Hard apple cider was the alcoholic drink of choice in America for over 200 years. Beer & wine were almost unknown in the colonies, as barley and hops didn't grow well in New England, but apple trees thrived in the New England climate.
In the 1700's in Maine, as elsewhere in New England, nearly every citizen was a farmer, and virtually every farm had a small orchard. A 1767 survey in Massachusetts found that hard cider consumption averaged 35 gallons per citizen, including children (who drank a weakened version called ciderkin). If you scaled that to today, it would equal more than 10 billion gallons of cider produced in America...more than 100x the size of today's cider market, and twice the size of the beer market.
There are endless stories of the importance of cider to colonial Americans, from John Adams, who drank a tankard each morning with breakfast, to George Washington, who plied voters with hard cider to win his first election to the Virginia House of Burgesses, to William Henry Harrison, who used the slogan "Log Cabin & Hard Cider" to connect with rural voters en route to winning the presidential election of 1840.
In Albion, Maine, where Freedom's Edge has its orchard, there was once a narrow gauge railroad that ran from the center of town down to Wiscasset, along the coast, where local farmers could ship their apples to market in Boston and New York, as well as across the sea to London. John Bunker, the great apple historian, notes that in 1849 nearly 2/3 of the families in neighboring Palermo, Maine sold apples, making them the most valuable crop in town. And the remaining families grew apples as well, they just kept them on the farm and ate (or mostly drank) them locally. As late as the 1870's, more than 1/10th of the farms in the state had their own cider press, and one of the social highlights of the fall was when farmers gathered to press their apples before they barreled their cider to ferment in their cellars over the winter.
Sometime beginning in the 1840's or 50's, beer began to surpass cider in America. Partly it reflects the migration from farms to cities that gathered pace in the years following the civil war, and new immigrants from central Europe who brought with them traditions of beer brewing. The temperance movement played a part as well. Many cider orchards were destroyed during prohibition, and by the time the ban was lifted, beer displaced cider almost completely. By the 1960's, while there was still some home made cider being enjoyed in some rural parts of Maine and New England, the commercial market for cider totaled scarcely 200,000 gallons per year, compared to nearly 100 million gallons a century before.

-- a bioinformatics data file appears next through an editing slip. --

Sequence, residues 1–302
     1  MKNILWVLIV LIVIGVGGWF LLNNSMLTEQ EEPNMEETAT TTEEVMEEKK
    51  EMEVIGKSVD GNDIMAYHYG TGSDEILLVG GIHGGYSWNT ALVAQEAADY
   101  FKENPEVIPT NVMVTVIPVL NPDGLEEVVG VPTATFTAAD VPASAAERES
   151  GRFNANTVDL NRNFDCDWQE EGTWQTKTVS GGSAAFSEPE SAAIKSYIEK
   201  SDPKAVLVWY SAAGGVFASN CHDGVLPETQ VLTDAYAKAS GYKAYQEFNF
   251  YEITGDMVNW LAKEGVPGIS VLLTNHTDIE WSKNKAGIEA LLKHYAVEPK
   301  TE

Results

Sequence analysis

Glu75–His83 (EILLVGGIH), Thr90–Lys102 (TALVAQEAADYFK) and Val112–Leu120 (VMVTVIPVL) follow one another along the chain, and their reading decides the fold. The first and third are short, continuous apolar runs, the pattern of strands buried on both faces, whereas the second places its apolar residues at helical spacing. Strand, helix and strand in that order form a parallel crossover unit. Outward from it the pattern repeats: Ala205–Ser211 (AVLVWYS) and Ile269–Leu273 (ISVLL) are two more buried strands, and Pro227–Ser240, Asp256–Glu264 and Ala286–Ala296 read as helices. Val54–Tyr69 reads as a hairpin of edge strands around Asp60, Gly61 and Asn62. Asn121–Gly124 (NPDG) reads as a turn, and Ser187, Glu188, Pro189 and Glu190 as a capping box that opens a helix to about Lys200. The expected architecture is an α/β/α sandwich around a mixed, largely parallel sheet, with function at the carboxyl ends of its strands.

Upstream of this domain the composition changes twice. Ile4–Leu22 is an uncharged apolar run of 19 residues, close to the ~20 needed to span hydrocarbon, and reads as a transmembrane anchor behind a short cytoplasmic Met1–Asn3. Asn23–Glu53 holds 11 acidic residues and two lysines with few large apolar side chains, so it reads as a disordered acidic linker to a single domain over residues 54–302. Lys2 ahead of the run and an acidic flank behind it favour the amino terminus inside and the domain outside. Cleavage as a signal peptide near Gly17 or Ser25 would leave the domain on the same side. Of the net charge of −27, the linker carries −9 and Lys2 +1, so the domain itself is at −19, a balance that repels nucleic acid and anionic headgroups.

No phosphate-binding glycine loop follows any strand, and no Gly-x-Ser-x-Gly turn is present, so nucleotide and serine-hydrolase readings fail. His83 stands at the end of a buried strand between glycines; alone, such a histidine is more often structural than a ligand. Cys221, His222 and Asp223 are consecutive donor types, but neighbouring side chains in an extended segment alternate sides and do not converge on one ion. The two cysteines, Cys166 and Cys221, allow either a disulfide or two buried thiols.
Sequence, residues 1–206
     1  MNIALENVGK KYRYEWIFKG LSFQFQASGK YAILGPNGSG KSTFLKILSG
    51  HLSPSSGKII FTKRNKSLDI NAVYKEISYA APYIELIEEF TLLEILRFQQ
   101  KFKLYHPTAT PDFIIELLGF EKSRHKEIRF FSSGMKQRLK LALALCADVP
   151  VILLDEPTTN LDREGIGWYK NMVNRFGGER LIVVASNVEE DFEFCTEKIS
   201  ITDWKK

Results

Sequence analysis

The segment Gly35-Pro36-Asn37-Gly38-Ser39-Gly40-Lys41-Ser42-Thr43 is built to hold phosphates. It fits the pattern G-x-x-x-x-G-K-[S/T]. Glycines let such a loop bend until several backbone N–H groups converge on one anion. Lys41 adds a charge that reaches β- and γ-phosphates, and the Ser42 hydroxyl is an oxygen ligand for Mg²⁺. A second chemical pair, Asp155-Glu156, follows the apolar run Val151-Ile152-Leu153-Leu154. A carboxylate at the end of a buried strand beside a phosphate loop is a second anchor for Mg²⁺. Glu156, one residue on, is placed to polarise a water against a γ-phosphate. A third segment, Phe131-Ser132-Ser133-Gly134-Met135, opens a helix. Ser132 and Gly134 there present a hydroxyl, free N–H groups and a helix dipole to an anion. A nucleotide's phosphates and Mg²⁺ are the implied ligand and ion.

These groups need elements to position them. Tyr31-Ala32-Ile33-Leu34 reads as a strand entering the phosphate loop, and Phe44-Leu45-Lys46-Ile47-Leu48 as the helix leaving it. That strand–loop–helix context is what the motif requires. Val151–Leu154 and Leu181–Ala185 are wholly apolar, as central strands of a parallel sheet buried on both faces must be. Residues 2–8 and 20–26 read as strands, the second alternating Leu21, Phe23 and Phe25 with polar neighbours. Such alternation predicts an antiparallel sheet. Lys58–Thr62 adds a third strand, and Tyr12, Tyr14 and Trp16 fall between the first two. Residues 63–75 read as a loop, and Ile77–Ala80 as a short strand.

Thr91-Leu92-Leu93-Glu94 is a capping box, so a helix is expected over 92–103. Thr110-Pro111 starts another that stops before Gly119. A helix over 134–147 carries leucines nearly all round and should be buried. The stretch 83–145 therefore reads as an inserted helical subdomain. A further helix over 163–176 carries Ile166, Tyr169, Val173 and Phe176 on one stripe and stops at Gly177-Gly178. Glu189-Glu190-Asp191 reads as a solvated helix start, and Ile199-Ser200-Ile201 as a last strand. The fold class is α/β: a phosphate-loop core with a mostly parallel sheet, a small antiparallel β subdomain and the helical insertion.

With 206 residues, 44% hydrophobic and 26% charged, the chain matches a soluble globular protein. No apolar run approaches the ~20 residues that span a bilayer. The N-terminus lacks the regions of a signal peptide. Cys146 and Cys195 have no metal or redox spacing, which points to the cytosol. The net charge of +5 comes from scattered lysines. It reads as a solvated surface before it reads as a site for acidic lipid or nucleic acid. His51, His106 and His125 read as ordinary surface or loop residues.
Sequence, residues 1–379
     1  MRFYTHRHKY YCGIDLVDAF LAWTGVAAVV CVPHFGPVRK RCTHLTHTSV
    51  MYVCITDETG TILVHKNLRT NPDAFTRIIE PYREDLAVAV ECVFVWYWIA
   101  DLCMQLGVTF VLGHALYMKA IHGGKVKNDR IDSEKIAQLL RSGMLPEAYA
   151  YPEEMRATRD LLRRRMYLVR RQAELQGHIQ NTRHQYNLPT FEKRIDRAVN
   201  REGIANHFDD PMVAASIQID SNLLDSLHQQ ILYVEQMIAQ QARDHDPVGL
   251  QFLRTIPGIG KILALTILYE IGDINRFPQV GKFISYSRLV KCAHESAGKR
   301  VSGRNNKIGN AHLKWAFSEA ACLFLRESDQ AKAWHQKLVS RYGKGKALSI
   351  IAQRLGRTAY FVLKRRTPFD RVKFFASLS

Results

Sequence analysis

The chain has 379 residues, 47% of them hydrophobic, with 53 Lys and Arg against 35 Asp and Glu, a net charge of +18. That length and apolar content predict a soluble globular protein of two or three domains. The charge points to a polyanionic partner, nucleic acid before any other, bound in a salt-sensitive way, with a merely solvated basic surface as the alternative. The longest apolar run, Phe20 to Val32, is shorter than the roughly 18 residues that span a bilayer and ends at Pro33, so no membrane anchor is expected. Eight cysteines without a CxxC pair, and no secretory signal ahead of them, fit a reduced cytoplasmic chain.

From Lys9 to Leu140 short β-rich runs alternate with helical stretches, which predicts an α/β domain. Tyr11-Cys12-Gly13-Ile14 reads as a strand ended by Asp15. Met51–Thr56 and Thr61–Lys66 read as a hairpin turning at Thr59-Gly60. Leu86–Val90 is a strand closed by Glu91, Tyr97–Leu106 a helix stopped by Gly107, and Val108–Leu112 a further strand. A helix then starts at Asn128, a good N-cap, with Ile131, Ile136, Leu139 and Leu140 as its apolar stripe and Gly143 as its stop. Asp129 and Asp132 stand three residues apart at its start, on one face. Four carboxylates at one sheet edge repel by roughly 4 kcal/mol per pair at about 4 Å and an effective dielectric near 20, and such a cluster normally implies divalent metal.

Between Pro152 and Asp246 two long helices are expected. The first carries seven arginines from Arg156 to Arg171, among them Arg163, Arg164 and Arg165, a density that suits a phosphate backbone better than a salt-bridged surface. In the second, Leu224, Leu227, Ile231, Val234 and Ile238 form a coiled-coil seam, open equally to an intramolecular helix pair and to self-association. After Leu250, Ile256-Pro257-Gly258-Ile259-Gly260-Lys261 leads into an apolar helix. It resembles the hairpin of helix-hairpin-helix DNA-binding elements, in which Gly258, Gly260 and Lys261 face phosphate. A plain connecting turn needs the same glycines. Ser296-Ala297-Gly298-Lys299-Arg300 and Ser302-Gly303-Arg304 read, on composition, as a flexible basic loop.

In recent years, cider has begun to make a comeback in Maine and elsewhere. Long forgotten cider apple varietals such as Harrison and Kingston Black and Northern Spy and Newtown Pippin have been rediscovered and replanted. As more folks become interested in simpler, more wholesome foods made from locally sourced ingredients, cider is gaining in popularity. There have been a few commercially successful ciders which are much sweeter than traditional ciders, but slowly and surely consumers are finding their way back to the real thing.
Apples grow well in many parts of America, but many observers believe that nowhere do they thrive as well as in Maine. To this day, drive down nearly any country road in the middle of the state in the fall, and you'll find apple trees dotting the roadside. Sometimes they are planted, but more often they grow by chance...either from an apple core thrown out the window of a passing vehicle, or else courtesy of the digestive tract of a wandering deer. No one quite knows why apples like the Maine climate so much, but there is one theory that we like:
Apples came west to Europe (and eventually to America) by way of travels along the Silk Road, which was a series of trading routes extending from southern Europe and the Middle East all the way across to central and east Asia during the Middle Ages. One stop along the route was Almaty, in modern day Kazakhstan. Almaty means, literally, "Father of Apples," and it is the birthplace of Malus sieversii, the species which is the parent of all modern apples. Almaty is at the 44th latitude, as is Albion, Maine, and the two have very similar climates...harsh winters, wet springs, mild summers. Perhaps the apple recognizes Maine as its home away from home?